I have (only) 512MB to spare. The only thing running on my VPS is PHP/MySQL and on top of it Wordpress. No mail server or any other application, just Wordpress and LAMP stack.

How to decide how much memory to give to PHP and Wordpress? Right now PHP is allowed to have 128MB, how much is safe amount to increase it? I've tried to Google the question but never really found any answers.


TL;DR - Don't bump your memory limits for the sake of it. For a standard PHP application like WordPress, 128MB is huge and should be enough for 90% of your needs.

However, there are a few important facts here:

PHP Memory Allocation is per-script/process

As per the PHP documentation for the max_memory option:

This sets the maximum amount of memory in bytes that a script is allowed to allocate. This helps prevent poorly written scripts for eating up all available memory on a server.

An important distinction to make is that this setting doesn't set the amount of memory that is available to all PHP processes - it sets the maximum available memory for one PHP process.

When Apache receives a request for a PHP page, it forks a PHP process, which dies as soon as its work is done. Any memory used during that request is then released back to the OS and the entire cycle starts again with the next request.

You should never have to tweak the max_memory settings unless you are seeing "Out of memory" errors from PHP itself, and that generally only happens when you:

  1. Are working with large data-sets, which if you're running a WordPress website I extremely doubt.
  2. Have a memory leak or other problem which means that memory isn't being released back to the OS, and the correct response to this type of problem is to investigate the source problem, rather than just bumping limits.

Apache Tuning

If you're interested in tweaking for performance, you should look at the Apache MaxClients and associated options within the prefork module.

I would typically reserve 50MB for the kernel and other system processes, and dice up the rest for Apache and MySQL - there are various online guides detailing how to do this (which I strongly suggest that you read), but the general idea is:

  1. Run top and check how much memory is used by your average Apache process (this is the RES column)
  2. Take your total memory, subtract the amount you want to reserve for other processes, and divide by the number above. This is the number of simultaneous connections that Apache can handle before it will need to turn clients away.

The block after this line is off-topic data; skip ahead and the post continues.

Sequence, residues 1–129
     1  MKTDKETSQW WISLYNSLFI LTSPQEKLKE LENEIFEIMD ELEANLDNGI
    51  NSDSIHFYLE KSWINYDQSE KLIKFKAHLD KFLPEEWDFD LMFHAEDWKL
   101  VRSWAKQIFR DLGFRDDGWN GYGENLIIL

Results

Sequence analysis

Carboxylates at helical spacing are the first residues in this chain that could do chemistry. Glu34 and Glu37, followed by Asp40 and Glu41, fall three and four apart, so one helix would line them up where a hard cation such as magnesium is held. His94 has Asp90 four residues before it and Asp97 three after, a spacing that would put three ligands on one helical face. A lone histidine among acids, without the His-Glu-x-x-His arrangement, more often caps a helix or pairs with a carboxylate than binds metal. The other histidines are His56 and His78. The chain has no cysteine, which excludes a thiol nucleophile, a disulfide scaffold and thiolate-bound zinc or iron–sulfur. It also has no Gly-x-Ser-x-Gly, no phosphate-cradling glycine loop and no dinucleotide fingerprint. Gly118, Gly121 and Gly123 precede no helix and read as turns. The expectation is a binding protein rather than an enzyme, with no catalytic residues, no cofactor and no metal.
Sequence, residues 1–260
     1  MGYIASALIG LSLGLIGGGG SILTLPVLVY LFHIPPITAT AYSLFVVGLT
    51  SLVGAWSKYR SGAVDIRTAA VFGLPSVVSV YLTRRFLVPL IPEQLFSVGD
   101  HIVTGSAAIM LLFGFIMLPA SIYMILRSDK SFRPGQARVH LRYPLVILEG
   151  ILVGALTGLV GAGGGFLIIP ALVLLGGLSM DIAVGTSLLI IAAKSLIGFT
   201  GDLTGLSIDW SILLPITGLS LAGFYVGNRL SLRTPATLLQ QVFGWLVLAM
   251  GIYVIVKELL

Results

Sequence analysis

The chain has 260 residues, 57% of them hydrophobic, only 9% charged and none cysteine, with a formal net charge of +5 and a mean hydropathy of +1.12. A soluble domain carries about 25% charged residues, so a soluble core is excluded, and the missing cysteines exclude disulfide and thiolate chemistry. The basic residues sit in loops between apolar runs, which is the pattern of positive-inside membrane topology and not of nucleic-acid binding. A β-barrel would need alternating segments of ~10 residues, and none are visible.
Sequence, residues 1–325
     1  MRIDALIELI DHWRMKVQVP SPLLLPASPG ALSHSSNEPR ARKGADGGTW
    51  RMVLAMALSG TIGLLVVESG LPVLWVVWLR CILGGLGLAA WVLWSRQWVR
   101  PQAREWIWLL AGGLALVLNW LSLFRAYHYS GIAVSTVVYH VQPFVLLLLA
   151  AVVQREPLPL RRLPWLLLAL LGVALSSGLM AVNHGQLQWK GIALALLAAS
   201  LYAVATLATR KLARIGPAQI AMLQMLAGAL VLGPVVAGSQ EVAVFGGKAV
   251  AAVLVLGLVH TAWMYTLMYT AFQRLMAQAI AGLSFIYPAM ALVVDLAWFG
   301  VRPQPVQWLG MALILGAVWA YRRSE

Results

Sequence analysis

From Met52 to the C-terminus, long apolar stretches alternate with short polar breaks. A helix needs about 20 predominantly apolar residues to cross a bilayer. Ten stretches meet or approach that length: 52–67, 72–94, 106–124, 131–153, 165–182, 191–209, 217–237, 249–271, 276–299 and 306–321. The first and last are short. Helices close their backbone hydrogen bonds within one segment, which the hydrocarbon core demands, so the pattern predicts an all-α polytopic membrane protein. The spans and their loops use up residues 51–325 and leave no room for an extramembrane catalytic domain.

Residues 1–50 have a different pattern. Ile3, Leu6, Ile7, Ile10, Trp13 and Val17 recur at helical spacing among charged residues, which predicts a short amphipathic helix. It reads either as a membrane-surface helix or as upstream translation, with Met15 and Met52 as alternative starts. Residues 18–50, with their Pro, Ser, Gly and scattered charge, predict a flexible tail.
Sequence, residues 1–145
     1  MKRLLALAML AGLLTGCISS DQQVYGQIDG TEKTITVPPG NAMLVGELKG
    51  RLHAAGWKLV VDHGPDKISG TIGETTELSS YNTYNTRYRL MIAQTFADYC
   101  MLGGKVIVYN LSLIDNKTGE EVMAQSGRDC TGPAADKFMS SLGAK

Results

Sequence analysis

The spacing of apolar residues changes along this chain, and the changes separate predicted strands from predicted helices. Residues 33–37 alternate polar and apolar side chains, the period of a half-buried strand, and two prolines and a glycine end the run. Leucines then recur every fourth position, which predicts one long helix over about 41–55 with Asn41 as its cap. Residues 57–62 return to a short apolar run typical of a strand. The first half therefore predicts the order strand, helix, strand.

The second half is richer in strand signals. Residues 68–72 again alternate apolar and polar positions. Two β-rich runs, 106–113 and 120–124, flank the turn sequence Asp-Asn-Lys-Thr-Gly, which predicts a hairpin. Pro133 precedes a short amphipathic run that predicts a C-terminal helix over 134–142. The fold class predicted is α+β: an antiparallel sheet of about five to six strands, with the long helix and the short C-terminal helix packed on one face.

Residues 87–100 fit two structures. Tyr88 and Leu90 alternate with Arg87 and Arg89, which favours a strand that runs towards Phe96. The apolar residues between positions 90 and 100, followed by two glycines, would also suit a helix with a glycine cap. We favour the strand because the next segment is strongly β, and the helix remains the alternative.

3. Edit your Apache configuration and set the MaxClients option to this number.

Note I mentioned simultaneous connections above, not visitors on your website. The two are not the same.

  • Wow.. what a great answer, really appreciate it. – Badr Hari Apr 27 '15 at 10:57

As Craig Watson already told, you should not mess with PHP memory limit if not really necessary.

Anyway, it is not possible to correctly size the server without a profound understanding of your workload. I suggest you to simulate a realistic load and in the meanwhile to monitor your server resource allocation/usage.

For what it matters, 512 MB are very few for any production server. In fact, they are barely adequate even for testing purpose.

  • Thank you for your comment, is 512 really that little for a wordpress blog? I also use heavy caching. – Badr Hari Apr 27 '15 at 10:57
  • Yes, it is little because you need Apache, PHP (running a heavy application as Wordpress) and MySQL running all at once. – shodanshok Apr 27 '15 at 11:30

You measure. You run it at your workplace in a VM of similar specs and put a load test on it. Simple like that. Given that any half decent tablet can run visualization that is also not really an issue.

  • I was more thinking about what is the maximum ram I can assign until it's bad for the linux system itself. The question is not so much about wordpress optimization but rather how much is safe to give to PHP. – Badr Hari Apr 27 '15 at 7:04

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